By Leb Tannenbaum
Many thought leaders, authors, speakers, and executives we work with talk about the importance of trust.
In a recent interview, Jack Welch said, “Leadership today is all about two words: It’s all about truth and trust. You’ve got to have their back when they didn’t hit it out of the park and have their back when they did hit it out of the park. When they trust you, you’ll get the truth. And if you get the truth, you get speed. If you get speed, you’re going to act. That’s how it works.”
Stephen Covey wrote a book called The Speed of Trust. The tag line is, “Trust is everything.”
Patrick Lencioni identifies the Absence of Trust as the foundation of The Five Dysfunctions of a Team.
Rachel Botsman says collaborative consumption goes back to old principles and that “trust is the currency.” She is referring to new market places like Airbnb where trustworthy strangers connect to create all kinds of people powered new marketplaces. Need a bicycle? There’s someone willing to share their bike in exchange for real and trust currency. She goes on to say that reputation is the measurement of how a community trusts you.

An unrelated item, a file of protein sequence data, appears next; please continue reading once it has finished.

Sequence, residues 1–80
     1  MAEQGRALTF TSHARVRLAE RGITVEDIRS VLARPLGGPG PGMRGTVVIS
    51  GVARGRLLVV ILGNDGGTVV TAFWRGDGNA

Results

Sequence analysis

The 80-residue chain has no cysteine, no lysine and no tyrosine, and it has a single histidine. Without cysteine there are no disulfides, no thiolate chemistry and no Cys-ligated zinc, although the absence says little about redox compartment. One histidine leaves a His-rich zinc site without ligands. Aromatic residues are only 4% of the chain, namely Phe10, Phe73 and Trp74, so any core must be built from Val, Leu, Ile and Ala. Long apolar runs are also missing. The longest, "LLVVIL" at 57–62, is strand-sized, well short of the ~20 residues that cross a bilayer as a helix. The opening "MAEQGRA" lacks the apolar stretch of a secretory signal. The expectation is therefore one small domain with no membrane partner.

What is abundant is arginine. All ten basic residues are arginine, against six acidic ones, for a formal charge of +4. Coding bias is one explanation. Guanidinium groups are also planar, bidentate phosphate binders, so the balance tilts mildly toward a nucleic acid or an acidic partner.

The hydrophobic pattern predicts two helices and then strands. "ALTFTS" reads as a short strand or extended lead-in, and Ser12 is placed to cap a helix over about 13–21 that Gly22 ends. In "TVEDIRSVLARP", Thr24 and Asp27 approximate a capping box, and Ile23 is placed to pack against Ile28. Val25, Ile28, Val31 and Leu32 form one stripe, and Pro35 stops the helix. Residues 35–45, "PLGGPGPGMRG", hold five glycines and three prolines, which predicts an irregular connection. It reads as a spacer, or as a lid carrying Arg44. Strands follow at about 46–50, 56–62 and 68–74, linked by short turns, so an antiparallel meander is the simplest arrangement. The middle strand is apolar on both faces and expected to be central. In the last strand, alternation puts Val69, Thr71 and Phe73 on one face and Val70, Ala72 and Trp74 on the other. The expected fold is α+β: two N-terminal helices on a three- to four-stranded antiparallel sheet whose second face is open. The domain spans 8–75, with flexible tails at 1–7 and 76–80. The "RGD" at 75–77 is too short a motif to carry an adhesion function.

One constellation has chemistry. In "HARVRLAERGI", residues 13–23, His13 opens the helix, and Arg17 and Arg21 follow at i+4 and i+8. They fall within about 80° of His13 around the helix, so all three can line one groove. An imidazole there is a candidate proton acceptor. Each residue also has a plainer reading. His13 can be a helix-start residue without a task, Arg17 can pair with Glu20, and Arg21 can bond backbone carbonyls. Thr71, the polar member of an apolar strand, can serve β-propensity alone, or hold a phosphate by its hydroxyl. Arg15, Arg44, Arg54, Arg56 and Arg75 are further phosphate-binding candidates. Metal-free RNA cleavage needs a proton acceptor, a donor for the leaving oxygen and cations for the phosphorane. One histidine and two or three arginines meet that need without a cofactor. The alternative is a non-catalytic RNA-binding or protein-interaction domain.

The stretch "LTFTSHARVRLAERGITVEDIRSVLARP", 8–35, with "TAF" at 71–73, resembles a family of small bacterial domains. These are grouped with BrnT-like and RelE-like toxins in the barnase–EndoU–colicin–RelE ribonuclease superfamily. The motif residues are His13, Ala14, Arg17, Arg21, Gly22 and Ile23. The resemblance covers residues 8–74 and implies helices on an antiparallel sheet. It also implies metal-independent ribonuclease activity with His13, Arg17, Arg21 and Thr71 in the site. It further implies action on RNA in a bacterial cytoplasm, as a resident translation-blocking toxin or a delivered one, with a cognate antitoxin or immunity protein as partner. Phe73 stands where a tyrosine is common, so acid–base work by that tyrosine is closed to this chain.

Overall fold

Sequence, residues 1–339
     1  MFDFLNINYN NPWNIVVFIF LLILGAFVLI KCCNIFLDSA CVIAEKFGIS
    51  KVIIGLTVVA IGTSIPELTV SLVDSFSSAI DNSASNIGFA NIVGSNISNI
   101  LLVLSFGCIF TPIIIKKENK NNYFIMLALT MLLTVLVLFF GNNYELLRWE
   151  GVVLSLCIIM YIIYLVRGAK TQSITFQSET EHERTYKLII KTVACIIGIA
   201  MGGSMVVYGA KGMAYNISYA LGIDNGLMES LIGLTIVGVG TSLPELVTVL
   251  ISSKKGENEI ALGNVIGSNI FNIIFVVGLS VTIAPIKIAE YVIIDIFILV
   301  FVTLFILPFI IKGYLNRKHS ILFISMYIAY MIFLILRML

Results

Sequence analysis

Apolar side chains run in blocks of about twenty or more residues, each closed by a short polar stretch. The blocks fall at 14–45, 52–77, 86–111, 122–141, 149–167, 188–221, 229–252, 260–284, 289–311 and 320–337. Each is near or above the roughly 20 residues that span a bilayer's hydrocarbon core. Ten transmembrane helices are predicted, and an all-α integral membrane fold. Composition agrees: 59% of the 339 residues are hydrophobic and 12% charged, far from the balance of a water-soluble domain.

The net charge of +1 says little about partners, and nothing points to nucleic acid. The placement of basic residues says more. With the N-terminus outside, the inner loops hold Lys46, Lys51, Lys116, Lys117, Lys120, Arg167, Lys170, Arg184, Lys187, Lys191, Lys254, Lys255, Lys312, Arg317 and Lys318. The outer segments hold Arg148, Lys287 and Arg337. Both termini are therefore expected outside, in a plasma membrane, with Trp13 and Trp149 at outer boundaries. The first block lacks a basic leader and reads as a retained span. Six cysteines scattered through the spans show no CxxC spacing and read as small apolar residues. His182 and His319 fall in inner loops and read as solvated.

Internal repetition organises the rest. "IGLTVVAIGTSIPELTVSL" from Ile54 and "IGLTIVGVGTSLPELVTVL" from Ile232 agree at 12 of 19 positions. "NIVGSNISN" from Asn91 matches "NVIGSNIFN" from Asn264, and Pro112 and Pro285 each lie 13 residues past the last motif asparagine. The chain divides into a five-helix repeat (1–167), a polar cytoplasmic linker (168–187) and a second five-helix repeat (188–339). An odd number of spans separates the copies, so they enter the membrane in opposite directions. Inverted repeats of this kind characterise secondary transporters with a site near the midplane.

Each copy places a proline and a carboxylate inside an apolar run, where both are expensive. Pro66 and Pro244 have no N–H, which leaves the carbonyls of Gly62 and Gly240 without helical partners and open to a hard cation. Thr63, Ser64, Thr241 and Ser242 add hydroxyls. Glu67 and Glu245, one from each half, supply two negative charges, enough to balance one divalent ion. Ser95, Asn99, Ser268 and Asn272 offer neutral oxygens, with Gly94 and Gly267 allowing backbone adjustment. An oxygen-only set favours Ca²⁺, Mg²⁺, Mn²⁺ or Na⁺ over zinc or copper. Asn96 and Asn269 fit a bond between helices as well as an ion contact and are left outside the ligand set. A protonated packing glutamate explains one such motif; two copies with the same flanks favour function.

I could go on and on. I think we all agree that trust is vital.
For the past 20 years, we’ve been living in the question of, “What can we do about something so vital?” We’ve field-tested new work in a transportation agency with 28,000 employees and a technology company with 35 employees.
We believe that TRUST is too big a word to live in any other way than a concept. Trust is both emotional and logical. In order to actually do the work of building, maintaining, rebuilding, and accelerating trust, we need to break it down, to UNPACK IT, in order to work with it.
It’s somewhat like a suitcase. We set out to travel and do our best to put everything essential in our suitcase. We reach our desired destination lugging or wheeling this big, heavy object around with us. We check in, get to our room, breathe a sign of relief, and begin unpacking. In some ways, that’s when the journey begins.
We have used this analogy to create simplified tools and exercises that break trust into 10 traits; 5 that are emotional and 5 that are logical. In this way, we can transform trust from a concept into something we can actually do something about.
We know that many people believe that trust can only be built slowly, over time. While we don’t entirely disagree with this belief, we also believe that we don’t always have the luxury of time and that there are things we can do together to build something so vital.
If building, maintaining, rebuilding and accelerating trust is as important to you as it is to us, stay tuned as we continue to share what we are learning by Unpacking Trust!